Nancy Magee

Nancy Magee

Local early education advocates cheered Gov. Gavin Newsom’s promise to improve preschool access for families across the state as a key step toward closing the looming achievement gap.

Newsom followed up on a primary campaign platform during his Monday, Jan. 7, inauguration speech with a commitment to fund expansion of preschool and other early education programs.

With an expected influx of nearly $2 billion in state funding for such initiatives, local educators lauded Newsom’s vision and claimed such an investment would brighten the future for students and families across California.

“I’m very excited by it, as are many in the education field. Certainly early care and education for children is, in my opinion, the heart of where we close the equity and opportunity gap,” said county Superintendent Nancy Magee.

Ted Lempert, head of early education advocacy organization Children Now, also expressed his appreciation for Newsom’s position.

“For him to be focusing on early childhood right off the start is just tremendous,” said Lempert, who is also a member of the county Board of Education.

In making their case for the value of early education, advocates point to research showing students with access to preschool or similar programs are put on an initial track for success well ahead of those without similar opportunities.

Early education access has also been identified as vital in the effort to close the achievement gap which exists between students who excel in school — frequently with help of supplemental programs — and those who do not.

Magee pointed to the Big Lift, a collaborative initiative with her office, the county Board of Supervisors and the Silicon Valley Community Foundation, as an effective mechanism for assuring local children gain access to preschool.

The local effort is buttressed by a Monday, Jan. 7, announcement from San Mateo officials who are seeking applications for child care providers needing funding to expand program access. The city has $2.1 million available for providers in San Mateo, and the deadline for applications is Thursday, Feb. 21. An informational session on the program will be hosted Thursday, Jan. 24, at City Hall.

At the state level, Newsom has long been a fighter for expanded early education access, pushing from the early days in his gubernatorial campaign for more money to build more preschool facilities, staff the programs and boost enrollment.

The stated willingness to spend on early education is a departure from Newsom’s predecessor, former governor Jerry Brown, who built a reputation for fiscal conservatism and a reluctance to spend heartily on such programs.

For his part, Lempert noted the difference in approach between Newsom and Brown, who would typically only cosign investment in preschool once pressure was applied by the Legislature.

“This is night and day,” said Lempert. “This is the governor putting this out in his January budget and announcing it before anything else.”

David Fleishman, executive director of the county’s Child Care Coordinating Council, also expressed his admiration of Newsom’s strong stance on the matter.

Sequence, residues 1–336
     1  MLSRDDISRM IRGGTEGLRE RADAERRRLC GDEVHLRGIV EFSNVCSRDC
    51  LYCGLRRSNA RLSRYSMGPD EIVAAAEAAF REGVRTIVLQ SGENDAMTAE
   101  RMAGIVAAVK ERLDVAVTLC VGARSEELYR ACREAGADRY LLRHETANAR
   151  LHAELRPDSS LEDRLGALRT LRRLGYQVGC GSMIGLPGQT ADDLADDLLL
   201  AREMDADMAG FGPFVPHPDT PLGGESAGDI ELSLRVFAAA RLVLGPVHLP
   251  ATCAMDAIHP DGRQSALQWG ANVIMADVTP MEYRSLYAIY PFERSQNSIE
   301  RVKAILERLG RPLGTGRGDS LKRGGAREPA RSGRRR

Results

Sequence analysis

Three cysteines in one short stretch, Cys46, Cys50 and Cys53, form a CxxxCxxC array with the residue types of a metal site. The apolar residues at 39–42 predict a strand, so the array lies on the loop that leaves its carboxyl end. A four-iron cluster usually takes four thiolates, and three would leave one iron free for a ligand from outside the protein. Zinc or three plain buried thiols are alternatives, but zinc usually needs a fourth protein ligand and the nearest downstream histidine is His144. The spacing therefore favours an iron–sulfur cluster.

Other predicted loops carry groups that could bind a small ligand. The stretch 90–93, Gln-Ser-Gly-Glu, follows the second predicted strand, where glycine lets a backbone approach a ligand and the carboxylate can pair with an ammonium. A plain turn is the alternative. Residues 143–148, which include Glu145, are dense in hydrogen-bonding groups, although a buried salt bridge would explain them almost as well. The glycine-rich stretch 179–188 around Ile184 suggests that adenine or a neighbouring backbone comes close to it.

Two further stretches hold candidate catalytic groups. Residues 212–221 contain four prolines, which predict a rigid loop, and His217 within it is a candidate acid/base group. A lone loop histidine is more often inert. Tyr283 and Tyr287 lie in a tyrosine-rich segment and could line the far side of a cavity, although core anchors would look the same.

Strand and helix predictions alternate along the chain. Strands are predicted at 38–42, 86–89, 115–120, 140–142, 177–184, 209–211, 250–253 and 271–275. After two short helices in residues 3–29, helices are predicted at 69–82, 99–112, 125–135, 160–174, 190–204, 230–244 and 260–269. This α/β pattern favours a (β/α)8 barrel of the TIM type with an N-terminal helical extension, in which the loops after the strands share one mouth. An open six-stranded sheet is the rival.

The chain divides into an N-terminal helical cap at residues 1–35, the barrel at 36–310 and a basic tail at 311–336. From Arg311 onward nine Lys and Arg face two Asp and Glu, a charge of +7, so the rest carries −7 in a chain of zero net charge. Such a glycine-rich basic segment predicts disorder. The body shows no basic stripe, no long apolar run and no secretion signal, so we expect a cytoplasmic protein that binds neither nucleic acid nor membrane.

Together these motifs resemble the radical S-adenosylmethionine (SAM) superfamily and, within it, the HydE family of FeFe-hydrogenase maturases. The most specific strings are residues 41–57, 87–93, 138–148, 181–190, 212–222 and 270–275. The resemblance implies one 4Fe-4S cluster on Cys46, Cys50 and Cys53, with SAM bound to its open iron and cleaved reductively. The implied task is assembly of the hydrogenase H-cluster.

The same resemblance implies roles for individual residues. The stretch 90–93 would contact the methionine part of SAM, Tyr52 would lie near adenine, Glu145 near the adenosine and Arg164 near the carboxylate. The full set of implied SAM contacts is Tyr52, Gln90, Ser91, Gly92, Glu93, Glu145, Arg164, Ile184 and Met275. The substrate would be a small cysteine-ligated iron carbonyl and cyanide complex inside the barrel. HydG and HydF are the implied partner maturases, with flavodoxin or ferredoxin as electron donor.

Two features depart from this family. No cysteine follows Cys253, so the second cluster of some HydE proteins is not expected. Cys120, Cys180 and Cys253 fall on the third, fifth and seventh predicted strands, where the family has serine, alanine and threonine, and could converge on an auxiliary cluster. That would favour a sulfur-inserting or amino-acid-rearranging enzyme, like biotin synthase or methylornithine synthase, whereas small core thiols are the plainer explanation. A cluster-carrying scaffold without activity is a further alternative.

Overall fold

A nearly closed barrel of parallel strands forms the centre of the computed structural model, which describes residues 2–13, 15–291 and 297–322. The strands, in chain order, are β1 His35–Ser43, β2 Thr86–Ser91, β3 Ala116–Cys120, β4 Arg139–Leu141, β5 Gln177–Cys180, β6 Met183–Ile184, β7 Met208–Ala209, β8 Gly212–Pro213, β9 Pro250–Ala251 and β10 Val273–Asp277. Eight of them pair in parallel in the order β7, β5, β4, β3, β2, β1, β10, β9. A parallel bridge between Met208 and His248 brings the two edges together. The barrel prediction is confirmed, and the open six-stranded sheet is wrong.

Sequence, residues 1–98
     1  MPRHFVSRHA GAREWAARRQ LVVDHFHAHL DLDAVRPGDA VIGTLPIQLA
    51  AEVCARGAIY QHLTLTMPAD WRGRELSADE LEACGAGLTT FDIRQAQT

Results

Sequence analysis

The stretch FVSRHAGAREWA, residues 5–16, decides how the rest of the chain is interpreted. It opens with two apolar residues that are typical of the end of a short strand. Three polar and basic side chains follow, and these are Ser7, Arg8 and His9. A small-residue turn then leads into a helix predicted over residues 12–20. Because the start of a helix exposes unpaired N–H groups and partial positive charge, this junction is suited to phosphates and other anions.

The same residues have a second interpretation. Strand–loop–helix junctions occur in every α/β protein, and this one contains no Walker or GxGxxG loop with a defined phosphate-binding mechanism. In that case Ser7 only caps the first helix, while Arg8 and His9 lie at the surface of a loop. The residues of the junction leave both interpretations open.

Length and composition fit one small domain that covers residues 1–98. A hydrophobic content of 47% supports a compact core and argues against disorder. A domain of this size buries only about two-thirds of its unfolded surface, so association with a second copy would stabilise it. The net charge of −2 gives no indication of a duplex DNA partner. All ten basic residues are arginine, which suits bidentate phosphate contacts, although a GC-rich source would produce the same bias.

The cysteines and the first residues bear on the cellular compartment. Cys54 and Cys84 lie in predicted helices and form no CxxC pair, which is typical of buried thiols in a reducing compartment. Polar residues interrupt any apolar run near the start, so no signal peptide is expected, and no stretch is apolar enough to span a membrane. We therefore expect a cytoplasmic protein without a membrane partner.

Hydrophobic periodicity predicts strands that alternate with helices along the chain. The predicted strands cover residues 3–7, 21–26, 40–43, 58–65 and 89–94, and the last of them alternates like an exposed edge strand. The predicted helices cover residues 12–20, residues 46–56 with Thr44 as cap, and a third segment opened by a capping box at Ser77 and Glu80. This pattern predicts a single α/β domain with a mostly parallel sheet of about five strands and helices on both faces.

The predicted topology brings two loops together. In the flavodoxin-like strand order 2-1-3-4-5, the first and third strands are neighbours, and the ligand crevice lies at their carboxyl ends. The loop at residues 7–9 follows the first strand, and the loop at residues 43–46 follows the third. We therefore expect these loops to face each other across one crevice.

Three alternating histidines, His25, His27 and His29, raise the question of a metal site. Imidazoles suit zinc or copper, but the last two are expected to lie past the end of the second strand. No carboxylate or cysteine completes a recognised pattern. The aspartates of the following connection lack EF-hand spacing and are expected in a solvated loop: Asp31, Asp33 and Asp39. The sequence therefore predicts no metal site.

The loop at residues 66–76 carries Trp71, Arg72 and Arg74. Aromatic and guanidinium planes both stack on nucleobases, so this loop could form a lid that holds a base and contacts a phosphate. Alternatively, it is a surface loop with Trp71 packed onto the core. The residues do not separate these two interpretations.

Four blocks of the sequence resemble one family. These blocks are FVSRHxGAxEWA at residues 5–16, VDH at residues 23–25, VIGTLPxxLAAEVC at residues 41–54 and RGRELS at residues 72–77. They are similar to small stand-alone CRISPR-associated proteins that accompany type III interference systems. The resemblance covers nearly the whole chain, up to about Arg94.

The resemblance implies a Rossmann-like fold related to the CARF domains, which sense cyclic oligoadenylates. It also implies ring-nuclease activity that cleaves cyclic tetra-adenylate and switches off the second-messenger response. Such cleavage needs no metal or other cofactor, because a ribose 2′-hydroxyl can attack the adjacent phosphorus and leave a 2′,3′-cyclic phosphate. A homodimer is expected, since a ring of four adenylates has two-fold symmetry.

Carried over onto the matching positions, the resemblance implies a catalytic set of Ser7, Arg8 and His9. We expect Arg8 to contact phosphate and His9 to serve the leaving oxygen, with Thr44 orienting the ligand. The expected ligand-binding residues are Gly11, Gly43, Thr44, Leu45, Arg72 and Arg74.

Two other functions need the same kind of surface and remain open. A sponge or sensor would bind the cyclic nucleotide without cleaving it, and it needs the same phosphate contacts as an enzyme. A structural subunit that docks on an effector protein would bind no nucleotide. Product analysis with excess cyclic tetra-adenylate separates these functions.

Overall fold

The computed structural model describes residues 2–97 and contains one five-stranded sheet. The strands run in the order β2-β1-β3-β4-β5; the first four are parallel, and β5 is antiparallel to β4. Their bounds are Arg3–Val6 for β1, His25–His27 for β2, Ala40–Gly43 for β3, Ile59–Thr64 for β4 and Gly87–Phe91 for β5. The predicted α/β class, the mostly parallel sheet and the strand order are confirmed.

“It is phenomenal. I think it is awesome. I know it was a big part of his campaign and I’m glad to see it wasn’t just about him getting elected,” said Fleishman.

Fleishman though acknowledged much work is ahead in assuring Newsom is willing and able to deliver the funding promised.

“Too often we see great initiatives started and then the money runs out and things get undone,” said Fleishman, who admitted he has seen plenty of ambitious investment promises fall by the wayside over the years.

With fears Newsom may eventually face hurdles in bringing his vision to fruition, Fleishman suggested even additional initial investment could be useful in building more childcare facilities across the state.

“There are a lot of things, even if it short-term funding, that can be addressed,” said Fleishman.

Rather than wade too deeply into the fears of Newsom’s inability to ultimately deliver on his promises though, Fleishman opted to remain optimistic.

“We just couldn’t ask for a better person in terms of commitment to families and children. And it’s not just the money. It’s the message. It is putting it right up front of everyone and saying this is where we need to invest,” he said.

Lempert too acknowledged Newsom could be in for a scrap later to defend his obligations, but expressed confidence in the new state leader’s fortitude.

“It’s a great first start, but he’s going to have to keep providing this kind of leadership — which we are confident about,” said Lempert.

For Magee, she also said she believed in Newsom’s commitment to deliver on his the full extent of his promise. But even if he falls short, she suggested many across the state will likely be well served by a valiant effort.

“The goal is primary to our success as a society and we should want every child to have this kind of early childhood education and even if we can meet half of it, then we will have done better,” she said.

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